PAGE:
A Travellerspoint blog

June 2015

An Astrologers day at Ankor Wat

Siam Reap Cambodia

sunny 30 °C
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The Cambodia Angkor Air flight landed at Siem Reap airport around midnight from Manila. The airport, 7 km from the city, was small but well maintained. I availed of the Visa on Arrival facility and walked over to the immigration officer.
  “This visa permits me to stay for only 15 days but I might like to stay longer. Couldn’t you extend my visa to one month?” I said making the unmistakable sign that I was ready to pay, whatever the so-called “fee.” It was a quick bargain and both parties parted happily. Lightfooted, I bounced out of the airport to the tuk tuk stand to head for my next destination, a hotel, to catch up on my sleep.
 The tuk tuks are motorcycle-rickshaws, the main mode of transport in Cambodia. A good night’s sleep, a hearty breakfast, a walk around the former Frecnh colonial oupost and I was prepared to hire a tuk tuk to visit Angkor Wat. Originally a Hindu temple dedicated to Lord Vishnu, it was built by the Khmer King Suryavarman in the early 12th century. Later converted into a Buddhist monastery, it is the country’s prime attraction for visitors and is significantly and symbolically portrayed on the country’s national flag.
 The inner walls of the temple depict carvings from battle scenes of the Ramayana and the samudra manthan. Large statues of the snake-god Shesh Nag and the Apsaras are positioned at various ends of the temple. There were some unusual sights too, such as statutes of the Buddha meditating under the hood of Shesh Nag. Prospering from the 9th to the 15th centuries, this was a remarkable medley of Hinduis amd Buddhism.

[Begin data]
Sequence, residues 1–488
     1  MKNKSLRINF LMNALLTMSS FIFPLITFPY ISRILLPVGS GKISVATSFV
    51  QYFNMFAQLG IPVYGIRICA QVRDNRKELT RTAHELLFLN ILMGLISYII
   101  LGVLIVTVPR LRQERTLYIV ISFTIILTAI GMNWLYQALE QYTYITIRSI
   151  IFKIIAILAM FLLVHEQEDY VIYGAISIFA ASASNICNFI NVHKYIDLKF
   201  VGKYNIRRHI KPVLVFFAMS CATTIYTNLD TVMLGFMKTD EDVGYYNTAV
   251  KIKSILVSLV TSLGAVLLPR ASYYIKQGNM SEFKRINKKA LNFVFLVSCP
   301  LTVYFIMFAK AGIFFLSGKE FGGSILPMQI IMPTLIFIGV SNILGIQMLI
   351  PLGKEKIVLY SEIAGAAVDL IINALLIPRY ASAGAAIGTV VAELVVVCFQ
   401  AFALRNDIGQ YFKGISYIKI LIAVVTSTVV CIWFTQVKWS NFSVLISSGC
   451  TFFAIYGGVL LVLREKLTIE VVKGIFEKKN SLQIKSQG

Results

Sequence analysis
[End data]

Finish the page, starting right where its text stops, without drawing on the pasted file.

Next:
A UNESCO World Heritage site, Angkor Wat is 5.5 km north of the modern town of Siem Reap which is about 300 km from the Cambodian capital Phnom Penh. According to legend, the construction of Angkor Wat, or "City of Temples" in Khmer, was ordered by Lord Indira for his son Precha Ket Mealea. According to the 13th century Chinese traveller Daguan Zhou, it was believed that the temple was constructed in a single night by a divine architect. Angkor Wat';s rising series of five towers culminates in an impressive central tower that symbolizes mythical Mount Meru. Thousands of feet of wall space are covered with intricate carving depicting scenes from Hindu mythology.
 The temple complex is so huge that it takes at least three days to see the entire complex. Outside the complex compound flock the usual hordes of tour guides, hawkers selling books on the history of Angkor Wat, picture postcards, T-shirts, handicrafts, soft drinks, snacks and anything a visitor might want to take home as a souvenir.
 I was not interested in purchasing any knickknacks as a memory of my visit. I sat outside the complex, shooing away the occasional hawker who came to pester me. The heat of the day was making me feel thirsty. I planned to return to my hotel for a quick shower and a stroll down to the nearest pub for a chilled beer. Then I saw, sitting on the ground in the shade of a nearby tree, a man in a white sarong and an orange-coloured vest. He was ruffling a bunch of pages and humming to himself.